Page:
2001 Chevrolet Express Cargo Review
Pros & Cons
- Modern styling, powerful range of engines, lots of cargo-hauling capacity.
- Odd arched-eyebrow taillamps spoil clean design, not as refined as Ford Econoline.
Edmunds' Expert Review
Choices when it comes to full-size vans are easy to make. Do you want a Dodge, a Ford or one of the Chevy/GMC twins? If the Express offers the package you need in a full-size van, then buy it.
When Chevy dealers received a brand-new, full-size van to sell in 1996, it marked the first time in 25 years that GM had completely redesigned its big vans. The Chevy Express comes equipped with a cavernous interior and a variety of powerful engines. With its modern design and body-on-frame construction, Chevrolet is stealing some of Ford's thunder in the full-size van market.
Because most full-size vans are bought for conversion into rolling motel rooms, engineers put the Chevy Express on a full-frame platform for improved stability. Regular-length models carry 267 cubic feet of cargo, and extended-length vans can haul 317 cubic feet of stuff. Trick rear doors open 180 degrees to make loading and unloading easier. Standard side cargo doors are a 60/40 panel arrangement, but a traditional slider is a no-cost option on 135-inch wheelbase vans. G3500s can tow up to 10,000 pounds when properly equipped.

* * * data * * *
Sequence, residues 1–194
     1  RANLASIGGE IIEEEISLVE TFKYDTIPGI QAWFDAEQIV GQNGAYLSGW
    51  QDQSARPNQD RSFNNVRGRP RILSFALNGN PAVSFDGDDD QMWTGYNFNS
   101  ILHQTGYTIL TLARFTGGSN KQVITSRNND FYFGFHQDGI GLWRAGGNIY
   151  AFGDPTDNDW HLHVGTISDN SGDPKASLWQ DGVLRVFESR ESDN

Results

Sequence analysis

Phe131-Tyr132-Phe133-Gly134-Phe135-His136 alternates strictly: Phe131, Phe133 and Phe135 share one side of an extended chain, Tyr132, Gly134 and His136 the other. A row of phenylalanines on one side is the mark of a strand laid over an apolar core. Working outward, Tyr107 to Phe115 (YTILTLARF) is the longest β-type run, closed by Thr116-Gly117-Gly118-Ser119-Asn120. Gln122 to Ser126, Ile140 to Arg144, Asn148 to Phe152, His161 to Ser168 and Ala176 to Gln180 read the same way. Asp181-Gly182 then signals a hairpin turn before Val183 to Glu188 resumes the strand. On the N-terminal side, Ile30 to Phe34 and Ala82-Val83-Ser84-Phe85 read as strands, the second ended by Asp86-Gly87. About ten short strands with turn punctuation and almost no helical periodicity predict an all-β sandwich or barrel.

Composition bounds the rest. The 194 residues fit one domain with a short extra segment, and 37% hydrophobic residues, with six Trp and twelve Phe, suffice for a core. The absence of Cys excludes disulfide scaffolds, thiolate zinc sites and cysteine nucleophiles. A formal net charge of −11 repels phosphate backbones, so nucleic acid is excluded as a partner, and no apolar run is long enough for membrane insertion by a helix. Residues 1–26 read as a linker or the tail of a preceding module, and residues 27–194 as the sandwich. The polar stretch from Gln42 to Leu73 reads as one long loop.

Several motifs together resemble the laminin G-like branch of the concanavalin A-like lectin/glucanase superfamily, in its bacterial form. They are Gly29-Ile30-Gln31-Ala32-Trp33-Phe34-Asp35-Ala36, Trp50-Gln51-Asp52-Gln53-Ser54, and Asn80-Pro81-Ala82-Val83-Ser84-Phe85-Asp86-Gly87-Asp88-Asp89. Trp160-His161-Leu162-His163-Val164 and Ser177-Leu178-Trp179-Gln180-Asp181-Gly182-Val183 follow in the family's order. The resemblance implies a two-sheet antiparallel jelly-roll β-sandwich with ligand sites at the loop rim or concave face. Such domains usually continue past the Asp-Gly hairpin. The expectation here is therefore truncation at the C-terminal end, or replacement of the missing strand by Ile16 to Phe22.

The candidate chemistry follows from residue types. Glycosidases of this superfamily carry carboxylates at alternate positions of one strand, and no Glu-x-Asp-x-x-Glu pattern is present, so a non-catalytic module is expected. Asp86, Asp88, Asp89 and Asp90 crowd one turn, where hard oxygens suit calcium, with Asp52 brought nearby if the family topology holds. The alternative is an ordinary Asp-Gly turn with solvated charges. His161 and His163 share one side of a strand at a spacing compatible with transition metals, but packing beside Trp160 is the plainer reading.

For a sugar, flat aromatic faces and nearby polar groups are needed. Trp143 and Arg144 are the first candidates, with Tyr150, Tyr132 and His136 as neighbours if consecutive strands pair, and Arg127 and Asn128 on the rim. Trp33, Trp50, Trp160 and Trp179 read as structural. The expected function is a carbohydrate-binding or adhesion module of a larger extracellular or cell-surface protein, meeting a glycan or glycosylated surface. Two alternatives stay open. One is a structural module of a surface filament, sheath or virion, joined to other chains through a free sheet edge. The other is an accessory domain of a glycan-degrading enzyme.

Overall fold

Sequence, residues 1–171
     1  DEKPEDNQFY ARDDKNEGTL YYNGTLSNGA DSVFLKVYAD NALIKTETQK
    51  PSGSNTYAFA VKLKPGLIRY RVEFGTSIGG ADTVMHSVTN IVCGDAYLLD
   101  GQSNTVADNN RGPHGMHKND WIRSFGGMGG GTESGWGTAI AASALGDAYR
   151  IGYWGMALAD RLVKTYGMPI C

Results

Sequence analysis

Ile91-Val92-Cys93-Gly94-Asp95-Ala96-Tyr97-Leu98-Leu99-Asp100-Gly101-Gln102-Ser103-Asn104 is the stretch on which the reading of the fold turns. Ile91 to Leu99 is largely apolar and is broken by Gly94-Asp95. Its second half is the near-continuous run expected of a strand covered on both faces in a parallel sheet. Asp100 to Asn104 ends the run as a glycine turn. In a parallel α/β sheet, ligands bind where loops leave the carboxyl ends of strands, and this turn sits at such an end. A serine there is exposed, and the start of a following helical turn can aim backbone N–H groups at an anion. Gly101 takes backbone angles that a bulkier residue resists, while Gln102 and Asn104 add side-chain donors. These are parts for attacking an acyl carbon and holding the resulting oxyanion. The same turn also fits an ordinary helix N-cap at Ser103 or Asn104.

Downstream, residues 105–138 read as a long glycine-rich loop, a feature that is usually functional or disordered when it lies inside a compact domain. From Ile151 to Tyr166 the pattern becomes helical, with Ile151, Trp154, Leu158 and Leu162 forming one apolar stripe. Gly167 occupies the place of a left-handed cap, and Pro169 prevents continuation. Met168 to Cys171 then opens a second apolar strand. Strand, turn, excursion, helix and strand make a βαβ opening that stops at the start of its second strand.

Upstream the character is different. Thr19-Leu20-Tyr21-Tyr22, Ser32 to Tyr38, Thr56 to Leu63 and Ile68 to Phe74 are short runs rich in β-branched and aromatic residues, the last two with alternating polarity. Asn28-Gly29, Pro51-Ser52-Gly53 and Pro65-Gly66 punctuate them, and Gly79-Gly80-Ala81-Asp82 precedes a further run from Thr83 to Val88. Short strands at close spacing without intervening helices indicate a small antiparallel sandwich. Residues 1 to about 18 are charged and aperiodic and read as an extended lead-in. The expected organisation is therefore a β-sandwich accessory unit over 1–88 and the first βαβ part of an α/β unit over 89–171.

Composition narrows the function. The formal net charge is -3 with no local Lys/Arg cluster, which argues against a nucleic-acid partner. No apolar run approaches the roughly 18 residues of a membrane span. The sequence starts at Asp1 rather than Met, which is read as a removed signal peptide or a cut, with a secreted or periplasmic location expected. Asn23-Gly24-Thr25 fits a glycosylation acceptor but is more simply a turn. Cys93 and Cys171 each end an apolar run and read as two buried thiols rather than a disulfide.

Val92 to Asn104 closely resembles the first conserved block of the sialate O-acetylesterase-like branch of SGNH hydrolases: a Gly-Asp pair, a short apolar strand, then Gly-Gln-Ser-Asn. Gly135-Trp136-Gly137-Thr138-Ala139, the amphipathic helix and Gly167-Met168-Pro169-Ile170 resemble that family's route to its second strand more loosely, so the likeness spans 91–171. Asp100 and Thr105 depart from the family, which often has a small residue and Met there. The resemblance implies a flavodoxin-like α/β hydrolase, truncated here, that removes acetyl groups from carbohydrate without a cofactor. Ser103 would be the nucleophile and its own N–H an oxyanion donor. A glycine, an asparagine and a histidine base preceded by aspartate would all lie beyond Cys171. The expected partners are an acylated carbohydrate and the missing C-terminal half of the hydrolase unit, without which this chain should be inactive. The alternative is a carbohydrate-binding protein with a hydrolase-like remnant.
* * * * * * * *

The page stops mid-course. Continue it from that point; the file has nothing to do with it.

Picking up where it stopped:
For convenience, the full-size spare is stored underneath the cargo floor. A 31-gallon fuel tank keeps this thirsty vehicle from frequent fill-ups, but topping off an empty tank will quickly empty your wallet. An 8.1-liter V8 replaces last year's 7.4-liter engine providing a class-leading 340 horsepower and 455 ft-lbs. of torque. Other powerplants include the 4300 V6, 5000 and 5700 gas V8s, and a 6.5-liter turbodiesel V8.
Exterior styling is an interesting mix of corporate Chevrolet, Astro Van and old Lumina minivan. We'll admit the high, rear pillar-mounted taillights are odd looking, but at least they're functional. They can easily be seen even if the van is operated with the rear doors open. Low-mounted bumpers and moldings make the Chevy Express look much taller than it is. An attractively sculpted body side gives the van's smooth, slab-sided flanks a dose of character, as does the quad-lamp grille arrangement. For 2001, two new exterior colors debut, Light Pewter and Meadow Green, along with a new Dark Pewter interior color.
Overall, Chevrolet's latest rendition of the traditional full-size van appears to be right on target, giving Ford's Econoline its only real competition.